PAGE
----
I agree with the humbler cooking. I went to a neo-Korean restaurant in NYC, and while good, I missed the standard rice, soup, meat, and sides. The sides are my favorite part of Korean cuisine! However, do you know what may have given you food poisoning? Thousand year old kimchee? Soondae (blood sausage)?

I had some raw oysters at a lunch. My travelling companion did not. I paid the price. He was fine.

If you're willing to drive, I'd also throw Trummer's into that mix for the vibe you're looking for.

Tom, The marinara discussion is interesting in terms of which ingridients or toppings do you expect to be made in house vs out of house. In addition, how much does the restaurant need to alter an ingredient before it seems like it is made in house. I know you almost always mention whether or not the fries are from frozen or cut fresh. Do you see mayonaise and ketchup and marinara sauces as needing to be made in house the same way you see fries as needing to be made in house?

I am kind of picky about my fries, arent I? Because most frozen fries taste like it.


While I love fresh mayo, I don't expect it to be whipped up in other than an upscale restaurant. And just because a ketchup is made from scratch doesn't mean it's always better than Heinz. I've had some pretty ordinary (flat/cloying/runny) restaurant ketchups over the years.


So ... it depends.

If the phone is busy when you call, it is probably set to go to voicemail automatically. I don't see a problem with leaving my phone number in order to make a reservation; usually the staff calls back as soon as they can.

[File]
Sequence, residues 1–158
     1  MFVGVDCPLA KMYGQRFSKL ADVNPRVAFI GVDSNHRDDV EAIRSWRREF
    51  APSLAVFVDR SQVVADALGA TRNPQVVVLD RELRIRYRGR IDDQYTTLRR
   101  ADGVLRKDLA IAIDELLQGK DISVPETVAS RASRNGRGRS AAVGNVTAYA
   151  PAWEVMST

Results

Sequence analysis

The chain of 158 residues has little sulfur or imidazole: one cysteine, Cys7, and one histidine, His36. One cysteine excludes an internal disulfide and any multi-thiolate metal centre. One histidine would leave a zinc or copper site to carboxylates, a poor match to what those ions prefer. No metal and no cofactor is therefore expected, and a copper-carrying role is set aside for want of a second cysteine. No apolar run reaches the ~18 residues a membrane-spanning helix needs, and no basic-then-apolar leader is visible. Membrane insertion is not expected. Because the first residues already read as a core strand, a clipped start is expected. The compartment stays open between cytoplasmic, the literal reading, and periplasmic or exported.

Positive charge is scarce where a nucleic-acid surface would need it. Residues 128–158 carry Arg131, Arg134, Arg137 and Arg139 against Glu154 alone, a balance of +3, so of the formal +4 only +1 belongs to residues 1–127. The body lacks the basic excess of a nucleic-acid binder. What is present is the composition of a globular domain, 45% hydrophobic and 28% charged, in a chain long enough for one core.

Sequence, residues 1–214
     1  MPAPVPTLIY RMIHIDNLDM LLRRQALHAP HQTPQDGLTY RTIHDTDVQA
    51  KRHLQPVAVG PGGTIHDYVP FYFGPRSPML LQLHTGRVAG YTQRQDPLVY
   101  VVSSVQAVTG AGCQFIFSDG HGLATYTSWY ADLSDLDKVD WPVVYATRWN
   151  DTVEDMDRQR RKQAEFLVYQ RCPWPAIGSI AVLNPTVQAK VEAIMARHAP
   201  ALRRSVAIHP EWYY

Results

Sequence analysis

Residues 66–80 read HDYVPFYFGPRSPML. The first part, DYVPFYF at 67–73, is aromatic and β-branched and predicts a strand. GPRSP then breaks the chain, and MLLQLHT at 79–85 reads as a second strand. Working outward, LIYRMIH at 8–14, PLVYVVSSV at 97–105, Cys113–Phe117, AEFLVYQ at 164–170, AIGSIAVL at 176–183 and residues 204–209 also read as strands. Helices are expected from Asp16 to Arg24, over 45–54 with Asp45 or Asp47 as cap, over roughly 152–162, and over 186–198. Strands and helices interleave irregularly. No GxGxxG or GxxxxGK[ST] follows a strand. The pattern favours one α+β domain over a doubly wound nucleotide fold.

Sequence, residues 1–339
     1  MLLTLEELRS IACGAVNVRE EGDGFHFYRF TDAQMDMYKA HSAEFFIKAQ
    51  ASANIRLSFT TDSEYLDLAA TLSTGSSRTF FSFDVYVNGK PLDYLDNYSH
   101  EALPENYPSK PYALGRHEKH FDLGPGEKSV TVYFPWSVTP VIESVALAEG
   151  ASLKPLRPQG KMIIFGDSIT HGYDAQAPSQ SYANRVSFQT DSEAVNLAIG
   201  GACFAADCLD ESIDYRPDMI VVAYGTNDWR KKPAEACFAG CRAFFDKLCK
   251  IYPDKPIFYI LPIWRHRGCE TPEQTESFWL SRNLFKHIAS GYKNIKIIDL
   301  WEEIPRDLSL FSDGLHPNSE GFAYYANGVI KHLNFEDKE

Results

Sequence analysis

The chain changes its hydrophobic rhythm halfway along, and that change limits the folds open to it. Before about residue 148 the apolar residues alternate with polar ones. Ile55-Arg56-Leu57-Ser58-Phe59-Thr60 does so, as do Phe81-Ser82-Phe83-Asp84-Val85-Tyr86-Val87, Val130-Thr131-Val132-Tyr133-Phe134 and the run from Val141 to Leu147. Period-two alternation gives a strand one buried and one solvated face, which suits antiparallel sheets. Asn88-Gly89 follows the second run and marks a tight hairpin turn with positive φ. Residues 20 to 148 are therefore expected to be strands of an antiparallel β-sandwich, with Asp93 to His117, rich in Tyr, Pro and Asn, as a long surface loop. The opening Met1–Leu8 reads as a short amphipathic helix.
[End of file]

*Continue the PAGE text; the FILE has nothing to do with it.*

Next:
But me? I angst, thinking no one is going to check and call me back. I can't be alone.

Anyone who pretends not to want per-packaged food shouldn't be ordering mozzarella sticks in the first place. They all come from a box. The diner got what they deserved.

One poster's opinion.

First off, love your chat! Thanks for doing this each week. As a Christmas lover, I'm determined to get as much holiday cheer in this year as possible. Are there any restaurants you can think of that do Christmastime particularly well? I'm not looking for a special occasion meal or restaurant open on Christmas Eve, just a restaurant where I can dine with a few friends that will leave us feeling jolly, satisfied, and warm. I'm focused more on ambiance here (though delicious food is of course part of the equation!), so I'm wondering if you can recall in past years any restaurants that are decorated really tastefully/pleasantly for the season?

I haven't seen many holiday decorations up, but if anyone knows of a particularly festive place to eat in the weeks to come (maybe based on previous winter visits), I'm happy to post names.

You know people, read books at home, the library, park bench. Restaurants are for food. Served by people who are trying to make a living.

I can't imagine the OP is reading "War & Peace." I'm thinking he or she is eating and reading at the same time ad probably has somewhere to go but wants to kill two birds with one stone.